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MEND was started in 1971 by a young couple, Ed & Carolyn Rose, who were motivated by the poverty they witnessed in the Valley to do something about it. They set about persuading others – primarily members of their congregation at Our Lady of Peace Catholic Church - to help them collect and distribute food, clothing and furniture to poor families in the community. For years, the Roses were joined by several other families to serve the neediest people in the community, under the name they had started calling themselves: MEND – Meet Each Need with Dignity.
In 1976 they formalized their activities into a non-profit organization and in the mid-80s MEND established operations in Pacoima, where it continues to provide food, clothing, one-on-one case management and support services to low-income individuals and families. For 50 years, MEND has continuously served the most vulnerable in our community, including those who are homeless, unemployed/under-employed, very low income, and older adults.
With dignity & respect, MEND's mission is to meet the immediate needs of individuals and families and strengthen their capacity to thrive.
MEND’s programs and services help meet the immediate crisis needs of people, and support them in developing connections, skills and resources to address and overcome long-term challenges that have kept them from thriving. Core services are provided by the Foodbank, Homeless Care Services and Clothing Center.
Deeper case managed services are offered through the Family Support & Pathways to Wellness Programs. We also provide work experience, life skills and financial literacy classes and support services.
A majority of the individuals and families who come to MEND live in extreme poverty – some in unconverted garages, uninhabitable spaces, or vehicles. Still others live in apartments with multiple other families – one family per bedroom. Some are able to secure transitional housing or stay in a shelter, still others are completely unsheltered.
Applying the Public Health Service Act and HUD’s definitions of homelessness – which include lacking any fixed, stable shelter; living in conditions not fit for human habitation; and “doubling up” – almost 100% of our clients qualify as homeless.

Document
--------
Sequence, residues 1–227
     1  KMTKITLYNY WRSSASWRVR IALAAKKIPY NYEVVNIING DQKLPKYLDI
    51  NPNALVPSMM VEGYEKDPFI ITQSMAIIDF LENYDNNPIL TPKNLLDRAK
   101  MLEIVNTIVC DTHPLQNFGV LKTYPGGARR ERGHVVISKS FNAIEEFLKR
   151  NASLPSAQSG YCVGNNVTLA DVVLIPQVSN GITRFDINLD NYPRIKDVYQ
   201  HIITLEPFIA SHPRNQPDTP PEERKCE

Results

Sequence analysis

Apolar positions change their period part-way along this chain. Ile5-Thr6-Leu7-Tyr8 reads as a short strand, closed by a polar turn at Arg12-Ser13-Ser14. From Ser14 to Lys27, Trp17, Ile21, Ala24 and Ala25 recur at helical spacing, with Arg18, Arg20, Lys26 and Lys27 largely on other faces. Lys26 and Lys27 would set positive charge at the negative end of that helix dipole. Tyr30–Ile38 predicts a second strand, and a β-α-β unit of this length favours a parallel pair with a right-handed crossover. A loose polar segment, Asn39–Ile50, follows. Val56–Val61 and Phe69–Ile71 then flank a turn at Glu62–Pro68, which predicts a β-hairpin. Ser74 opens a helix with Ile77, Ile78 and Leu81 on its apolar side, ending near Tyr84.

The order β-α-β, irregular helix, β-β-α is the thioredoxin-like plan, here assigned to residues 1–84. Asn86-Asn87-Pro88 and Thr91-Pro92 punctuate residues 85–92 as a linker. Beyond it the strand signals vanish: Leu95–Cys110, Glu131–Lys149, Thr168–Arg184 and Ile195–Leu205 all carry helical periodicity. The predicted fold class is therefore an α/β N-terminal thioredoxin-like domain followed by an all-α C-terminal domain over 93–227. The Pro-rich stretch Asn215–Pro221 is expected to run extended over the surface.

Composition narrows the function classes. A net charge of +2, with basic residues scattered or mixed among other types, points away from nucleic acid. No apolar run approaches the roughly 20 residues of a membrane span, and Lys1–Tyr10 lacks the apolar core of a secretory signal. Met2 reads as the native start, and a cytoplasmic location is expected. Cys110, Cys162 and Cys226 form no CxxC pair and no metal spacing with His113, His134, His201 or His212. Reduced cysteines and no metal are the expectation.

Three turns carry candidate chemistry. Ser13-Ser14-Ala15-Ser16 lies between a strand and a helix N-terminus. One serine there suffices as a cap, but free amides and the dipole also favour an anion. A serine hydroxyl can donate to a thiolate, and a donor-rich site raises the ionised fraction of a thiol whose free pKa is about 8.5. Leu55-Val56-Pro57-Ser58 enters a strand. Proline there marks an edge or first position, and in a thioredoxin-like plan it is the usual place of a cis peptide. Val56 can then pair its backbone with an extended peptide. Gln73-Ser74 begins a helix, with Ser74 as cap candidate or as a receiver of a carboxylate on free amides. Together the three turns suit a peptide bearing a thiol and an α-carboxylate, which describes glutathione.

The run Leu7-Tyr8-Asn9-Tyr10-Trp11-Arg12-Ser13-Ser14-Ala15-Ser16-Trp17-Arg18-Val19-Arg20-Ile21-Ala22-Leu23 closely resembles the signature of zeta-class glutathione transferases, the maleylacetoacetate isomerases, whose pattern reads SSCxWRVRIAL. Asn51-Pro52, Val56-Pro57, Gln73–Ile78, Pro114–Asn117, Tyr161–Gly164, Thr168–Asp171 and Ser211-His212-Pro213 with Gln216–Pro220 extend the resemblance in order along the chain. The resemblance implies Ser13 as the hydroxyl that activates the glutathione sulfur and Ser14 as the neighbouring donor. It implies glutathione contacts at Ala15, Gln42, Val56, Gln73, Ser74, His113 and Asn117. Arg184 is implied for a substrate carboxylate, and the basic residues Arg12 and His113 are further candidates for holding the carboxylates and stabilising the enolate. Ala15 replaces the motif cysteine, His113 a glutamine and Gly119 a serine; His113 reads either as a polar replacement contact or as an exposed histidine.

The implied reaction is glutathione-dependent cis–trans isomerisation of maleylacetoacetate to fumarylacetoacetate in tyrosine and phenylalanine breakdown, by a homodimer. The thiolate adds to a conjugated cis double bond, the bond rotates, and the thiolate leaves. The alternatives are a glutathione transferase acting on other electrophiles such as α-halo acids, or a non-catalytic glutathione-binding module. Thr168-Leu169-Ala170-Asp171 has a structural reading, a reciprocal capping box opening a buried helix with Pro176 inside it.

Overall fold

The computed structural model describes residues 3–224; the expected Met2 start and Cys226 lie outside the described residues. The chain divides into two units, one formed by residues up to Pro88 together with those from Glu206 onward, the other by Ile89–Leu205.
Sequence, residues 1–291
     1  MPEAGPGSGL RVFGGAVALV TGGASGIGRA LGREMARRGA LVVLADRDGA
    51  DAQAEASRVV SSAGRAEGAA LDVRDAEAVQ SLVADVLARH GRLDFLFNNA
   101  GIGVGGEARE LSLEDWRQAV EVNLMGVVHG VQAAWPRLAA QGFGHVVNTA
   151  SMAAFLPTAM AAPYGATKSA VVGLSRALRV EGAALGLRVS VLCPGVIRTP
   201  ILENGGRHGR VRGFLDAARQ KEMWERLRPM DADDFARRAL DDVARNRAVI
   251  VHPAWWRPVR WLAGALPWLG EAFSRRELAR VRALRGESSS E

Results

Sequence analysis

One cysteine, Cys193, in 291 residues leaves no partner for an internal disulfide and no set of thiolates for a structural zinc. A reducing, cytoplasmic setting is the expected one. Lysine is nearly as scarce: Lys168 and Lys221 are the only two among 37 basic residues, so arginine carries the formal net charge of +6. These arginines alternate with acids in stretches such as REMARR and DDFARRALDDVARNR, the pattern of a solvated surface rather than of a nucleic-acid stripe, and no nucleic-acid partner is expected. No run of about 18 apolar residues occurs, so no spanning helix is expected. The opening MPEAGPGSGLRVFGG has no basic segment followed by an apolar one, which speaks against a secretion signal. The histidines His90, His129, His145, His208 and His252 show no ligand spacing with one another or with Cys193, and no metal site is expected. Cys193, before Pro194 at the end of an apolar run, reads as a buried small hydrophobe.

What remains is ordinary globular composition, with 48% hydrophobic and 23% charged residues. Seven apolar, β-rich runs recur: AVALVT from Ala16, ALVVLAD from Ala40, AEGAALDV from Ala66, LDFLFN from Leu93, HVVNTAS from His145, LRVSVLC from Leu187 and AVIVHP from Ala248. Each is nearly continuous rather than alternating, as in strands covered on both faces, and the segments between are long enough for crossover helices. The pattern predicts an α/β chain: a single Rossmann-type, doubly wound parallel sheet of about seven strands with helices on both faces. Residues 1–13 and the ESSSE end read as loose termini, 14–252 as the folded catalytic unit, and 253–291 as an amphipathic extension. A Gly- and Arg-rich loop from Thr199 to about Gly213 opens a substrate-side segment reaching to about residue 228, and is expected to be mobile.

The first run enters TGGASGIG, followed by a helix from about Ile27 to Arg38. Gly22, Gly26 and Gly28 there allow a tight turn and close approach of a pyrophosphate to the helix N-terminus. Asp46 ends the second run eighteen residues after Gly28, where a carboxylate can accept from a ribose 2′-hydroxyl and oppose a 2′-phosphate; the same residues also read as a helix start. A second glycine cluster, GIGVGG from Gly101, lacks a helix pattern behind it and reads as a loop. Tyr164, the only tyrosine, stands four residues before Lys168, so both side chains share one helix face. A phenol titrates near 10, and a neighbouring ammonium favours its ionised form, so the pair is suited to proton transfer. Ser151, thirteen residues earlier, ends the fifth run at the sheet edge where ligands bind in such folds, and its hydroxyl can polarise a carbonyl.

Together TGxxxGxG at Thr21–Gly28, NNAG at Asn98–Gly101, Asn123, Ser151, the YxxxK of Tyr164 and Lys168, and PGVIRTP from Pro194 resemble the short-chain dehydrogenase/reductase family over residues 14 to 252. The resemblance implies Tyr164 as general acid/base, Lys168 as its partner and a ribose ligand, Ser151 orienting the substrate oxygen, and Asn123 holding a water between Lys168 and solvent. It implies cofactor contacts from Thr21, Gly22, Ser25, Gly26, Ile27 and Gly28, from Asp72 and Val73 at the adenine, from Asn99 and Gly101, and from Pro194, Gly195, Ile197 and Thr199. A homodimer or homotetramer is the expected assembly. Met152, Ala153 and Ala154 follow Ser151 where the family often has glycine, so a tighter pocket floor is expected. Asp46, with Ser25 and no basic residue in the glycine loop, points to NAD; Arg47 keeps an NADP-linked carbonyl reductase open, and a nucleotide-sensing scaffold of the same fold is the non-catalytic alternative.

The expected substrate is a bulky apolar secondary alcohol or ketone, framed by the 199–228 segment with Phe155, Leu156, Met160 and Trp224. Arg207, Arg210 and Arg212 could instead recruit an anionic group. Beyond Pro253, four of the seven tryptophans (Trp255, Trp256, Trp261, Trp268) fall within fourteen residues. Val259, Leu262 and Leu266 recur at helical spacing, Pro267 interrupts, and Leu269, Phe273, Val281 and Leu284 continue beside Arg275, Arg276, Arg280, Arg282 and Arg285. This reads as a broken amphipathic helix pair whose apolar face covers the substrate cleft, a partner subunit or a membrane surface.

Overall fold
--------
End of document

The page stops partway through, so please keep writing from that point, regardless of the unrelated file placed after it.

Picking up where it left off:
MEND is founded by Ed and Carolyn Rose, in their garage to help meet the needs of individuals in the San Fernando Valley. They are joined by 21 individuals from four local churches and together they establish food pantries out of three of the family's garages. The Christmas program is created.
First office space, a desk in an LA County building, is opened to reach individuals in need.
MEND becomes a Nonprofit 501(c)(3) organization.
As MEND expands, operations move to a small warehouse in Pacoima. MEND collaborates with Neighborhood Legal Services and other agencies to assist clients with various issues.
First capital campaign is successful in raising $90,000 as down payment on MEND's first building.
Renovation of building is underway. First paid staff member and Executive Director come aboard.
Renovated MEND center officially opens.
Expanded services to offer free medical and dental services.
Computer lab is opened for English learning and job training assistance programs.
Second capital campaign is planned to add an additional 10,000 square feet to the building and purchase two parcels of land.
MEND celebrates its 30th anniversary with a gala silent auction and dinner at the Skirball Center attended by the Mayor. Vision services begin.
New building opens to house an intake department, food bank, clothing center, and health clinics on San Fernando Road.
Partnerships with local colleges and universities offer internship opportunities to students and help serve the community.
MEND is named California Volunteering & Service Award -Non-Profit of the year by Governor Brown.
MEND launches Family Support Program, a case management service, to provide tools and resources to help families to build self-sufficiency and disrupt cycles of generational poverty.
Buen Provecho Farmers' Market opens to provide abundant fresh produce to clients at no cost. In the same year, Pathways to Wellness Program to help clients achieve greater health outcomes through better nutrition and exercise. Soon after, The Little Health market, a specialty “store” stocked with healthy alternatives opens to support participants in the program.